Graduation year: 2022
Semester/year area of interest proposed: Spring 2020
Major status: ENVS single major
Other major (if applicable):
Minor(s) (if applicable):
As humans have moved towards industrialization, large scale agriculture, global trade and other practices that come with modernization, we have surely seen an increase in negative externalities. In this era, capitalism is the dominant global form of political economy (West, 2012). Capitalism is a system that forces a single motive on the action of all of its members, perpetual accumulation of capital (Magdoff, 2011). Because industries rely so heavily on extraction, it is hard to find cohesion between capitalism and environmentalism. We can see this clear opposition when pollution, such as smog, starts to clear during times of recession (Magdoff, 2011). People are forced to consume less, and therefore there is less waste being produced. As the economy flourishes, the environment does not, and vice versa. In other words, the health of the economy and the health of the planet seem to have an inverse relationship. Is it possible to have a direct relationship between the economy and waste reduction?
As the global population grows, more things are being consumed, and therefore there is more waste being produced. Waste can include agricultural runoff from pesticides and herbicides, trash that people and industries throw into a landfill, excess material from construction, or obsolete electronics.The world’s solid waste production has grown ten-fold in the last century and the waste production as of 2013 is projected to double again by 2025 (Hoornweg et. al. 2013). Not only are the copious amounts of solid waste becoming hard to manage, but there are invisible forms of waste products coming out of our agricultural practices. The chemicals that are used as pesticides and herbicides on crops soak into the soil and groundwater, causing harm to vegetation, animals, and people (Carson, 1962). Everything in the natural world has checks and balances but these chemicals that were produced in labs have no counterparts in nature, allowing them to cause unprecedented damage to the ecosystems they come in contact with (Carson, 1962).
Our economic system is run by the free market and driven by businesses, big and small. These businesses are motivated by their ability to make money. If they are to be expected to reduce the amount of waste they are off putting with the production, distribution, and disposal of their goods and services, this reduction has to have a monetary benefit. The US government has tried to control the amount of negative externalities created by businesses by implementing acts such as the Clean Water Act, Clean Air Act, and Toxic Substance Act (Anton, 2004). These acts set out guidelines and regulations to be followed and monetary punishments to be paid if they are not. These acts have led to an overall increase in the improvement of air and water quality (Becker, 2013).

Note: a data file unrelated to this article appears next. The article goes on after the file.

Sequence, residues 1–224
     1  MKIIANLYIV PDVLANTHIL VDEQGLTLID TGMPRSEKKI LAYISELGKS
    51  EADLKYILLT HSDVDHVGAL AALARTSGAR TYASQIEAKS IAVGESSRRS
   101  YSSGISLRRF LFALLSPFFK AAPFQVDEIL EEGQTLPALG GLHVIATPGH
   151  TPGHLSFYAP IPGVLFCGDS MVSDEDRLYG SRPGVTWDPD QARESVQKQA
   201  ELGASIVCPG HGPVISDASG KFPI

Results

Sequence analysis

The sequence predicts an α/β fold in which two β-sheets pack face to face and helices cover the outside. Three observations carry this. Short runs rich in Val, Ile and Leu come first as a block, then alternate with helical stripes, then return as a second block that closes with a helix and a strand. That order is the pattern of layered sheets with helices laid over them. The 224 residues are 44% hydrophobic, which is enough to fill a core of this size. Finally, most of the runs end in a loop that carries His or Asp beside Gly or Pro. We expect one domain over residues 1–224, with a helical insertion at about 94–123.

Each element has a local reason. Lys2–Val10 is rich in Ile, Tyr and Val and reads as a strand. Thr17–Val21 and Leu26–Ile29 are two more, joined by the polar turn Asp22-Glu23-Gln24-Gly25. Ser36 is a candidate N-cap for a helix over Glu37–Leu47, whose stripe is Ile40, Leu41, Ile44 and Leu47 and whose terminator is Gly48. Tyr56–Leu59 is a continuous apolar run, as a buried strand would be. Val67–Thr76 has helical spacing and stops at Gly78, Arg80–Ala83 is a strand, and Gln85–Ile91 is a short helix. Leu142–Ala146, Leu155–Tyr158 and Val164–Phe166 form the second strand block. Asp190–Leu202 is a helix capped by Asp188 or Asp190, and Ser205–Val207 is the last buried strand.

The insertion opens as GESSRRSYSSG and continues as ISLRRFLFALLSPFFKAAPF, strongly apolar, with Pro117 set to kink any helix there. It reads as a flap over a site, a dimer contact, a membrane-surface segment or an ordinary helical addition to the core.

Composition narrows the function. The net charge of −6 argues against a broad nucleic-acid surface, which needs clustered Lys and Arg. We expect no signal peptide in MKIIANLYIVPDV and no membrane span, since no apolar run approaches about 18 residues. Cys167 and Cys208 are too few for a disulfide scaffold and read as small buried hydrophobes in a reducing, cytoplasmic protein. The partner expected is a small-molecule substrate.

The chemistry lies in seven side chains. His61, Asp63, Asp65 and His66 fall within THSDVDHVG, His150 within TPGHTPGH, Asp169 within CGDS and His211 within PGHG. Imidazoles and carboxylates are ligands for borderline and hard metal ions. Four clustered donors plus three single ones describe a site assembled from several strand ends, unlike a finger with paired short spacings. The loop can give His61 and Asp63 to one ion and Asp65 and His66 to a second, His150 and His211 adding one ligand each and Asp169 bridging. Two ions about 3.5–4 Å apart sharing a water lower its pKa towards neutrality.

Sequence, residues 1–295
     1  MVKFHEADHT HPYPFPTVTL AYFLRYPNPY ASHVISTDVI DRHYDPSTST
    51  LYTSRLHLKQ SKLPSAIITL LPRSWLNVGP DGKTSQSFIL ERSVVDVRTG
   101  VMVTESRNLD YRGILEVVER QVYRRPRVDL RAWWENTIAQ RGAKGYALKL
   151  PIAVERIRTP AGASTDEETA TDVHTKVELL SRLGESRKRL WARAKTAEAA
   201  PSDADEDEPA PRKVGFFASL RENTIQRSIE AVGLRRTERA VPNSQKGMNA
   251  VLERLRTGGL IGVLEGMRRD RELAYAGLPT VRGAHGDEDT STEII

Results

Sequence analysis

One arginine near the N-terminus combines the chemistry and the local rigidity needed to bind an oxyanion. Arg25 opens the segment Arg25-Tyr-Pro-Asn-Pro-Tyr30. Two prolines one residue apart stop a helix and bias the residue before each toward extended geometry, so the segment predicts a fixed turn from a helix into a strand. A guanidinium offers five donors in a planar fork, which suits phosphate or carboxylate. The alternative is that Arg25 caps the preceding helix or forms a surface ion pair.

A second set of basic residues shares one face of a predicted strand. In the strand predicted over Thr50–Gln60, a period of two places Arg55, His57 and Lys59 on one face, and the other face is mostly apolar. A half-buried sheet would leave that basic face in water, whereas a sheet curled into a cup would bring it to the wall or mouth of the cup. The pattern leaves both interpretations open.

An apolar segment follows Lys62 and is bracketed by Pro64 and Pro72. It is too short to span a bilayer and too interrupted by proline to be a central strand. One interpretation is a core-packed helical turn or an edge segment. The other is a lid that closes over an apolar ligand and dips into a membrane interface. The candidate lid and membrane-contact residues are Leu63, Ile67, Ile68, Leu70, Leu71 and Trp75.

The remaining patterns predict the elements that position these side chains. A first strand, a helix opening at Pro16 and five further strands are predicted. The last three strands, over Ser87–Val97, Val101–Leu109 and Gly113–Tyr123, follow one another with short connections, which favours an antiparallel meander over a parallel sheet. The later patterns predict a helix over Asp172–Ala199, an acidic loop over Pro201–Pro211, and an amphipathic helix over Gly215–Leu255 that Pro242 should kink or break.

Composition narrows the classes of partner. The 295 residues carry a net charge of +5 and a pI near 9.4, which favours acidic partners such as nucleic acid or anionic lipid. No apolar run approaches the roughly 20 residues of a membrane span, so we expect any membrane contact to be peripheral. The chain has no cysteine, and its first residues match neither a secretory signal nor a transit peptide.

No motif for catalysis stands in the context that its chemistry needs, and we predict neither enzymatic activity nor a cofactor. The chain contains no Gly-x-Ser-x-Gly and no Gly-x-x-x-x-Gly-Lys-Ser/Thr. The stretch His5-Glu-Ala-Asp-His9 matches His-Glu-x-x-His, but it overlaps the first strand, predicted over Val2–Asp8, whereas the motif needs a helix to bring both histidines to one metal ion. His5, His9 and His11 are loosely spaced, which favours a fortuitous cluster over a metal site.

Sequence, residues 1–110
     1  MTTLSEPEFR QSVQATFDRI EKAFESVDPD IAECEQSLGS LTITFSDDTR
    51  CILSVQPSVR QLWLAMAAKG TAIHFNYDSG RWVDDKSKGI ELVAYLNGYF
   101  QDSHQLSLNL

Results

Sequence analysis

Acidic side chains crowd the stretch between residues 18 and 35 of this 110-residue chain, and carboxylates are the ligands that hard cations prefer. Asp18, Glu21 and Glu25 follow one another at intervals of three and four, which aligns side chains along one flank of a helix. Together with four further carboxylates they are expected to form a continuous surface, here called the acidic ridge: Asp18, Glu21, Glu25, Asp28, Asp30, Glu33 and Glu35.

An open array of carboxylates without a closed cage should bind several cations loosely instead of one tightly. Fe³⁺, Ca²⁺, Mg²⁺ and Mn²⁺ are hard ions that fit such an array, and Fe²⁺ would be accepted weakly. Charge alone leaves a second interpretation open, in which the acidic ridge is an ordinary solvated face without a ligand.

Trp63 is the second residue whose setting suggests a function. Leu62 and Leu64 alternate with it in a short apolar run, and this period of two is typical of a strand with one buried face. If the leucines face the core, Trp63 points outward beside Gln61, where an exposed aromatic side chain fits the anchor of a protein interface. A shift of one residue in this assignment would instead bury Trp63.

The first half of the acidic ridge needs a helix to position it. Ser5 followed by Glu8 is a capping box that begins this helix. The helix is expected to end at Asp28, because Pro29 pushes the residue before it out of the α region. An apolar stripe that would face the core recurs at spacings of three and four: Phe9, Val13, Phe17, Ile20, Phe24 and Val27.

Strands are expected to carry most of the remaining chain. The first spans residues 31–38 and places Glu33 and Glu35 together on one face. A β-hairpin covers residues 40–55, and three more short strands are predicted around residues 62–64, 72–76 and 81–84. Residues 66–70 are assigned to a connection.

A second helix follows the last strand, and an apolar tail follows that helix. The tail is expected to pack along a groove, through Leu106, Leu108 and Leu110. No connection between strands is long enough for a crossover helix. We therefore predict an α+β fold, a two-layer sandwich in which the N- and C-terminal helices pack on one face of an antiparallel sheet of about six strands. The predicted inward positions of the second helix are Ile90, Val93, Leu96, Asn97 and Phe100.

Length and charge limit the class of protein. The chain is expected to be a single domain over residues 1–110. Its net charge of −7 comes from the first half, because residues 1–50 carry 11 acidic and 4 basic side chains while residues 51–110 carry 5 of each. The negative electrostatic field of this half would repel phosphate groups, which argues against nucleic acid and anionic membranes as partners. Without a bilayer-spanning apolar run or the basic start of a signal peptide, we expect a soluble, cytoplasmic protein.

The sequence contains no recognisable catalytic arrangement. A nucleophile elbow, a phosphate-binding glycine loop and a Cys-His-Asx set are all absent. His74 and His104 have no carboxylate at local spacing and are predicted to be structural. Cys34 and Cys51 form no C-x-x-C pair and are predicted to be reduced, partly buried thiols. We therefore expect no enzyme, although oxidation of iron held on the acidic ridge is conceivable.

Firms can hire lobbyists to achieve an objective within the U.S. legislative branch by introducing bills to be passed by congress (Schluter, 2017). In order to achieve their political goal, there are oftentimes some sort of exchange made between the lobbyist and member of congress or political party. This exchange could be a sum of money or political endorsement (Schluter, 2017). In just a ten year span the business contributions towards the Republic party went up by 220% (Lux, 2011). There used to be a maximum amount of money that a business could contribute to a political campaign. However, since that has been eliminated there is even more room for corporate political influence. Corporate political action is a tool to increase the profits of a firm. Environmental policies may put limitations on consumption or add taxes or monetary penalties to waste production. Thus, it would be in the firm’s economic interest to lobby against these policies.
- How much money do lobbyist spend influencing congressional law makers?